In this scenario we would most likely apply a nationwide increase in Alert Level to stop transmission.

So that is a significant change, but if it can be managed effectively on a local or regional basis it makes sense.

From the Covid website

Click to access Stamp-it-Out-one-pager.pdf

 

Kiwirail electrification contract awarded to overseas companies

A $371 million contract for the Papakura to Pukekohe rail electrification has apparently been awarded to overseas companies from China and South Africa. Apparently cost was the deciding factor.

Winston Peters, Minister for State Owned Enterprises:

“KiwiRail cannot be influenced by ministers in their tender process, and must follow government procurement rules, which at this time do not allow them to discriminate against foreign-owned companies.”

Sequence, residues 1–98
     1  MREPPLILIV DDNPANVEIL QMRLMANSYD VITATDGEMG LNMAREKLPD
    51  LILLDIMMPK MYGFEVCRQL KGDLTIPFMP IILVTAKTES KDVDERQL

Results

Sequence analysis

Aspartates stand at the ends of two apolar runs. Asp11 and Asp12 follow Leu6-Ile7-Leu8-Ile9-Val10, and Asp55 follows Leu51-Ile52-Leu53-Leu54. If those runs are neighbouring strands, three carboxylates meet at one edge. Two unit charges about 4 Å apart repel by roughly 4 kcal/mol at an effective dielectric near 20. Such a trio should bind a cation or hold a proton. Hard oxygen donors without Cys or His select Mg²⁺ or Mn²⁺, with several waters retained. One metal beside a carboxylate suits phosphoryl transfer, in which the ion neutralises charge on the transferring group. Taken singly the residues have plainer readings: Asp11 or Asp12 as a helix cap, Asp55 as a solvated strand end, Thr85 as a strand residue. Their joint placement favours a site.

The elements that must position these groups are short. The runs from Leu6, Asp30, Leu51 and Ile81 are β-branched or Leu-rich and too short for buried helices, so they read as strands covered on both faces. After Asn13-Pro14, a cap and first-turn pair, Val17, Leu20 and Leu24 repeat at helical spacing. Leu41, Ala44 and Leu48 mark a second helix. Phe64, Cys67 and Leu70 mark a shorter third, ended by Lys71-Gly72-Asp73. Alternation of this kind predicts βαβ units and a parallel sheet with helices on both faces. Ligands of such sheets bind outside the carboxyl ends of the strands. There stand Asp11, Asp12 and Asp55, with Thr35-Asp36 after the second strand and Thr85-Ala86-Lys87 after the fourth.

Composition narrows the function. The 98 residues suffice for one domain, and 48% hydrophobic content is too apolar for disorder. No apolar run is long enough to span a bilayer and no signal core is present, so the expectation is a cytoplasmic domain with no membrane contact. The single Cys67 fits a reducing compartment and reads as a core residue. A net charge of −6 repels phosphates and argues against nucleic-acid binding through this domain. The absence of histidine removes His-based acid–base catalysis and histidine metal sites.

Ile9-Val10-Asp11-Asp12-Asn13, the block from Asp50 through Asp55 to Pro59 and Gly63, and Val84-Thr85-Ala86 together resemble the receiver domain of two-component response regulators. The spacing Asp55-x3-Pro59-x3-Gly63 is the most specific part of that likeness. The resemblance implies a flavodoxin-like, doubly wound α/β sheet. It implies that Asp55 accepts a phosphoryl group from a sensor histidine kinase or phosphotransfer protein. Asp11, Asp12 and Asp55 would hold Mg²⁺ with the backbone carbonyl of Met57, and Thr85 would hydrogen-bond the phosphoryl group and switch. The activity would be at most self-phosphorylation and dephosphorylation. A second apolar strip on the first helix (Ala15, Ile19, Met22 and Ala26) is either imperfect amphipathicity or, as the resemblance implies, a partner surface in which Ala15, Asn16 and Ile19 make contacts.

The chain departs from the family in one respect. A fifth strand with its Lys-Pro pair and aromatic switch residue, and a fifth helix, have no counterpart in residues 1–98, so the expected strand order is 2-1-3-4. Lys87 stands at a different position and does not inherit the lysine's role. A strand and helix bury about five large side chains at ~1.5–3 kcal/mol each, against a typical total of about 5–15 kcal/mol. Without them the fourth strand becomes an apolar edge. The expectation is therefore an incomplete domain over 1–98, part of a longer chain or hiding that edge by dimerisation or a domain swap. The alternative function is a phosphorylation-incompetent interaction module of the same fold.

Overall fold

Obviously government procurement rules have to be followed, but this is a bit awkward for Peters who has promoted New Zealand business.

Neither Labour nor NZ First have done anything effective to change the rules.

And now the Government is currently trying to promote local business to aid recovery from the economic impact of Covid-19.

NZ Herald: NZ firms Fletchers and Downer ‘fuming’ as $371m Govt KiwiRail contract goes overseas

Construction companies Fletcher and Downer are reportedly “fuming” after a $371 million Government rail contract has been awarded to overseas companies – costing the Kiwi firms hundreds of local jobs.

Three sources within the companies have told the Herald on Sunday they were unsuccessful in their joint bid for the Papakura to Pukekohe rail electrification contract in South Auckland.

Construction companies Fletcher and Downer are reportedly “fuming” after a $371 million Government rail contract has been awarded to overseas companies – costing the Kiwi firms hundreds of local jobs.

Three sources within the companies have told the Herald on Sunday they were unsuccessful in their joint bid for the Papakura to Pukekohe rail electrification contract in South Auckland.